Fruita’s Cavalcade offers opportunities for creativity & music | PostIndependent.com

Fruita’s Cavalcade offers opportunities for creativity & music

Caitlin Row
crow@gjfreepress.com
Fruita resident Kyle Harvey plays the piano with his stepdaughter, Paige Stickney. This outdoor art installation was conceived by Harvey to further develop Fruita's sense of community downtown.
Caitlin Row / crow@gjfreepress.com | Free Press

GO&DO

WHAT: Fruita Fourth Friday Vinyl Party

WHERE: Cavalcade, 201 E. Aspen Ave., Fruita

WHEN: Friday, Nov. 28, 7 p.m.

INFO: www.cavalcadefruita.com; 970-260-5413

Cavalcade isn’t just a hyper-local music venue in Fruita; it’s also a community gathering place meant to inspire originality of all sorts. It was established in May of 2011 as a joint project between five Fruita families: Michelle and Johnny Cools, Cullen and Jeannine Purser, Sam and Carrie Benham, Ken and Rachelle Kreie, and Brendan and Autumn Clark Swihart. It’s located at 201 E. Aspen Ave., in Fruita, and it operates with an all-volunteer staff.

“We opened up a spot for people to come in, feel conformable, be creative and share creativity,” said Michelle Cools, a Cavalcade co-founder and owner of Fruita’s The Vintage Common.

Before Cavalcade, Mirth — a spot often referred to as Fruita’s living room — resided in the same location on Aspen Avenue.

“It was really just a place to hang out,” Michelle Cools said of Mirth. “It definitely planted the seed for what was to come.”

Cavalcade was born out of desire to continue that mission — to have a welcoming place for peers to engage in artistic self-expression spanning all ages, anywhere from 5 to 85 years old.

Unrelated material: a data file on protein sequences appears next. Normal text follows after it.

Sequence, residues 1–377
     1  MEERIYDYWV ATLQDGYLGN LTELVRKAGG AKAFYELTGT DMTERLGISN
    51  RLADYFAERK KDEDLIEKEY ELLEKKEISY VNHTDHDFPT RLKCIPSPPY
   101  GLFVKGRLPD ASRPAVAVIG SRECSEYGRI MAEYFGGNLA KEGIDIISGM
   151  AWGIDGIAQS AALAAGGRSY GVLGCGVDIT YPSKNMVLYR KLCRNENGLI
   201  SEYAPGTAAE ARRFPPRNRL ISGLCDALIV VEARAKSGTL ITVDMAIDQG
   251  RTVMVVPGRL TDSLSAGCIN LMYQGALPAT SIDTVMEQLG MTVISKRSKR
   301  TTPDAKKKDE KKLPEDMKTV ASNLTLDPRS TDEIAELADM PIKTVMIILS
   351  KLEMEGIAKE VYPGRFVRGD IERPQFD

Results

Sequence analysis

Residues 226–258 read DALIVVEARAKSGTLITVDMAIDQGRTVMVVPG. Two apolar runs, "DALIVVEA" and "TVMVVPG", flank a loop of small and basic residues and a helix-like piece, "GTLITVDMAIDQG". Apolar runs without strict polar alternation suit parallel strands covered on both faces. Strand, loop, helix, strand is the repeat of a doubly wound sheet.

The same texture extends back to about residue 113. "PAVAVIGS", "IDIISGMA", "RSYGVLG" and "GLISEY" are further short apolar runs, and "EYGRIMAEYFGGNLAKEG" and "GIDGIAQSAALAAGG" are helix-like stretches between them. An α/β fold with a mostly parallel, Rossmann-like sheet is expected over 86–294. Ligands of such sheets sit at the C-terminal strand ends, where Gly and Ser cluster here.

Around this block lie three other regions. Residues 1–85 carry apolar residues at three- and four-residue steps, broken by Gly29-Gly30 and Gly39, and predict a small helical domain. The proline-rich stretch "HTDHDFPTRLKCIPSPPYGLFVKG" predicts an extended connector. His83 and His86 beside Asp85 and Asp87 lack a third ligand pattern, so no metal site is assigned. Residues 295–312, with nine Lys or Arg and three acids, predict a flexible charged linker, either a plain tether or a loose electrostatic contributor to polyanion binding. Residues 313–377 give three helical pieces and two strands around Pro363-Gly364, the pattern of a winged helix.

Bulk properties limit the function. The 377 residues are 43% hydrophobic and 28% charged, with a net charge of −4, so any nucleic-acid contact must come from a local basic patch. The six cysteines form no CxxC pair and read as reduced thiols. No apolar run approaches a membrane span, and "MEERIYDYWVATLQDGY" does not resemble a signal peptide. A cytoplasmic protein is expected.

“When we first began we weren’t quite sure how to define ourselves,” Jeannine Purser said. “We were doing all sorts of random, wonderful things” — “from live interviews with interesting people in our community to open crafting nights held by Michelle Cools. Over time Cavalcade has come to define itself. Our specialty has become hosting incredible live music in a space dedicated to listening to the music presented.”

With a maximum capacity of 49 people, Fruita’s co-op performing arts center is both intimate and family friendly. It sells concessions (soda and candy, not beer). Plus, it’s involved with Fruita Fourth Friday art-walk events, open mics, tea and conversation gatherings (held the first Wednesday of each month), variety shows (which occur monthly on second Saturdays), and more.

Though many local musicians and poets perform at the Cavalcade, it also welcomes bigger name acts from outside the valley as well. For instance, The Ballroom Thieves — an alternative-style band from Massachusetts — will perform on Dec. 6 at 7:30 p.m. For that reason, not just Fruita locals attend Cavalcade events. Folks from across the valley and even further afield travel for performances.

Admission is either free or very affordable to Cavalcade’s variety of events. Donations are always appreciated at the door.

“My favorite part about Cavalcade is how warm it is; it’s not intimidating,” Michelle Cools explained. “It’s a very comfortable place to express yourself and try new things. There’s so much talent crawling all over Fruita.”

According to Jeannine Purser, the small venue has also shaped Fruita’s nightlife scene over the last few years.

“I think Cavalcade helped spark the idea that something outside of a restaurant or office could exist in downtown Fruita,” she explained.

Thad V’Soske, a Cavalcade volunteer, agrees with that sentiment.

“Compared to mid-2011, there are now more outlets for locals and visitors to enjoy their time and money in historic downtown Fruita,” V’Soske said. “ … Cavalcade is tremendous fun, a great place to be involved in the community, and a beacon of live entertainment that shines for the Western Slope. I still pinch myself just to know that it’s really happening right here in Fruita!”

For more information and a list of upcoming events, visit http://www.cavalcadefruita.com or find Cavalcade on Facebook.


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